VW may have been slow to adopt electric technology, but as ever when the German giant sets its mind to something the results are usually impressive. The Golf GTE provides an alternative to the pure electric e-Golf for those that are after a short electric range with the convenience of petrol power for longer journeys.
The petrol engine in question is the 1.4 litre 150 PS 4 cylinder TSI turbocharged unit which endows the Golf with sprightly performance. However in the GTE it is backed up by a 100 bhp electric motor which is capable of powering the Golf alone for up to 30 miles. In reality you will get between 15 – 25 miles between plug-ins depending on the season and route.
When both systems are operating together straight line performance warrants the GT prefix with a sub 8 second 0-62 mph time. It also rides and handles very well too, and despite a lot of shared hardware with the plug-in hybrid Audi A3, the Golf is the more entertaining of the pair. The swift shifting 6 speed DSG gearbox suits the VW’s clinical character and provides a good alternative to a CVT.
Unfortunately the current fuel consumption tests don’t work for plug-in hybrids. If you travel less than the electric range then you will use no petrol at all. However once the engine wakes up something around mid 40’s to mid 50’s mpg is more realistic. This is a good real world result but you may feel short changed if you are expecting 166 mpg…..
The GTE can offer petrol free commuting with the convenience of conventional power for longer journeys whilst also delivering a slice of fun when the mood and road align. However in the best tradition of VW, it is a tad pricey.
Estimated real world range: 15 – 25 miles (electric)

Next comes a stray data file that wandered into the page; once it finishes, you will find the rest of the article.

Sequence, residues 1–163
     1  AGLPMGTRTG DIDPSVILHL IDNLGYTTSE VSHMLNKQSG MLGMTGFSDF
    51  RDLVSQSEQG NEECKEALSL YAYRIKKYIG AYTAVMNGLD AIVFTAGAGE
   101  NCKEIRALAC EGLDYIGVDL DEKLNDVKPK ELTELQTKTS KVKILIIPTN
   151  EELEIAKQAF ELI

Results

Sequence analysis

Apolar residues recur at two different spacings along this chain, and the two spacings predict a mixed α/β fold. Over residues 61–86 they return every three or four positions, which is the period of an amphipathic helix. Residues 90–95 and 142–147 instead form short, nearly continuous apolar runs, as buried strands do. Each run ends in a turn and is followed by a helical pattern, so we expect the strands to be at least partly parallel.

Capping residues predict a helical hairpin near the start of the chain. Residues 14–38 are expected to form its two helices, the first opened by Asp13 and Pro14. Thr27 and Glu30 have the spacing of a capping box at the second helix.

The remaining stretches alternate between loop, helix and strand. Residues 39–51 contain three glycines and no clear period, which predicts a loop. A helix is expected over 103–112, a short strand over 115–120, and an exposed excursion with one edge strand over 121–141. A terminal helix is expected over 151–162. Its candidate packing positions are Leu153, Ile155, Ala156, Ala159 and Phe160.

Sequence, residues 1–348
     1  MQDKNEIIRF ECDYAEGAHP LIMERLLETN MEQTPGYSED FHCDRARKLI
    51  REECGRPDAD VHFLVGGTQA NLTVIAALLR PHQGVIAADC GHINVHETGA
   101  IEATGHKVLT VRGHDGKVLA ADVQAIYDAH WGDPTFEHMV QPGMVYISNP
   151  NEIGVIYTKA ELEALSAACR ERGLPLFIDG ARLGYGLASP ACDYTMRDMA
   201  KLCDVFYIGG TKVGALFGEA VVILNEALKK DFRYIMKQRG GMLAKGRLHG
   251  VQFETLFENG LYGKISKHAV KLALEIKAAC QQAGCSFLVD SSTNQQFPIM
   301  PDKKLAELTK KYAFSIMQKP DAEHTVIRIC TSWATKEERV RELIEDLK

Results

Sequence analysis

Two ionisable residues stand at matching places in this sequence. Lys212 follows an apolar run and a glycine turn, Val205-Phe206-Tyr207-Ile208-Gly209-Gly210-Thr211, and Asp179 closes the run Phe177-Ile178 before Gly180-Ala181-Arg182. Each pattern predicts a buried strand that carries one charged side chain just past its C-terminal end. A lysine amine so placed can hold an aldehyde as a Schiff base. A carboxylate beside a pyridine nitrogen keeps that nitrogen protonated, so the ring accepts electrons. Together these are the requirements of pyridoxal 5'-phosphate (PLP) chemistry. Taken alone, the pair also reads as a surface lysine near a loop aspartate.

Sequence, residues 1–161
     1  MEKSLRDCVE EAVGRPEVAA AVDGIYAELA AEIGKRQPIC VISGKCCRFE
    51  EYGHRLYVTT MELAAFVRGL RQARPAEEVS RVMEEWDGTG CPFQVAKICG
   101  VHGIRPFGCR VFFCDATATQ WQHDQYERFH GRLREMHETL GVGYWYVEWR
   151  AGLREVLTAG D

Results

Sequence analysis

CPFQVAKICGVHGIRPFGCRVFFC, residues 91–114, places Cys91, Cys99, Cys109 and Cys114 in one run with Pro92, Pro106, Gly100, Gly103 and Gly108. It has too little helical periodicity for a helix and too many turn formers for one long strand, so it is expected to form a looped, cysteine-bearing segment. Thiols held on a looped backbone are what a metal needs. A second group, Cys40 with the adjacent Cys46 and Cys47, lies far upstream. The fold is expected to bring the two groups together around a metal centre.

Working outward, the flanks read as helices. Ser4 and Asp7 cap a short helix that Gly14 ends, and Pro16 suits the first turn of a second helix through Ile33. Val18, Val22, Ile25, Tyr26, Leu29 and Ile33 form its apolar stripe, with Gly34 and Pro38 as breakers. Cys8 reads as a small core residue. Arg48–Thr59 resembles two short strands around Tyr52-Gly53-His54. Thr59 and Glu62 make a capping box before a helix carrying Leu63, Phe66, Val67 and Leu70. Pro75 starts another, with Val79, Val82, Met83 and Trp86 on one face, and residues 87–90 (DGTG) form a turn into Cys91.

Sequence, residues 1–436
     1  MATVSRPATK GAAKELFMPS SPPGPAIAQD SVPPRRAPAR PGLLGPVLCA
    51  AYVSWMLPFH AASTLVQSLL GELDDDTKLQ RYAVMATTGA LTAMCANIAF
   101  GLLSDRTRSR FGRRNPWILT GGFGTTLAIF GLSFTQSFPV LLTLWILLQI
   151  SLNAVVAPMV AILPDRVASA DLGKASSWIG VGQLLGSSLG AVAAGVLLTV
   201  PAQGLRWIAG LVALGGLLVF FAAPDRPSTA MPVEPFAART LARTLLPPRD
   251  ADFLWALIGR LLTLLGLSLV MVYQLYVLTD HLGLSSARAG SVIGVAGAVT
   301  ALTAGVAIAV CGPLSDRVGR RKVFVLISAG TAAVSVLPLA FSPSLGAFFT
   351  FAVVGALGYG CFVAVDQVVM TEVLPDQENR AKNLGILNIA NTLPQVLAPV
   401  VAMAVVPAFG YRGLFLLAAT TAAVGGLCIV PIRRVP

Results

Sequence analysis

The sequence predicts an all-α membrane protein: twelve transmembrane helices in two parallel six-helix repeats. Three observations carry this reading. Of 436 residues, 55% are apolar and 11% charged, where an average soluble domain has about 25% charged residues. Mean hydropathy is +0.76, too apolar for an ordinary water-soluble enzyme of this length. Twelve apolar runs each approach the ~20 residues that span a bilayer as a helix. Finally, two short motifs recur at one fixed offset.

Official range: 30 miles (electric) 580 miles (combined)
Official electricity consumption: 114 -124 Wh/km
Battery pack: 8.7 kWh lithium ion (6.2 kWh useable); 8 year 100,000 mile warranty
Recharge time: 240 v 3 hours 45 mins; 3.7 kW fast charge 2 hours 15 mins
Please note that CO2 emissions quoted for electric cars are not directly comparable to diesel and petrol cars. This is because CO2 emissions quoted are calculated by Green Car Guide and include the emissions created at the power station turning fuel (e.g. gas etc) into electricity and in transmitting and distributing the electricity to an end user. They do not include the actual production of the fuel (e.g. gas extraction and refinery emissions). Petrol and diesel emissions are supplied by car manufacturers and are based solely on the fuel burnt in the engine (tailpipe emissions) and do not include the production of the fuel or distribution to a fuel station. In practice this means that electric car emissions are over-estimated relative to petrol and diesel. For instance if an electric car, a petrol car, and a diesel car are all reported to emit 100 g/km CO2, the electric car actually has lower emissions.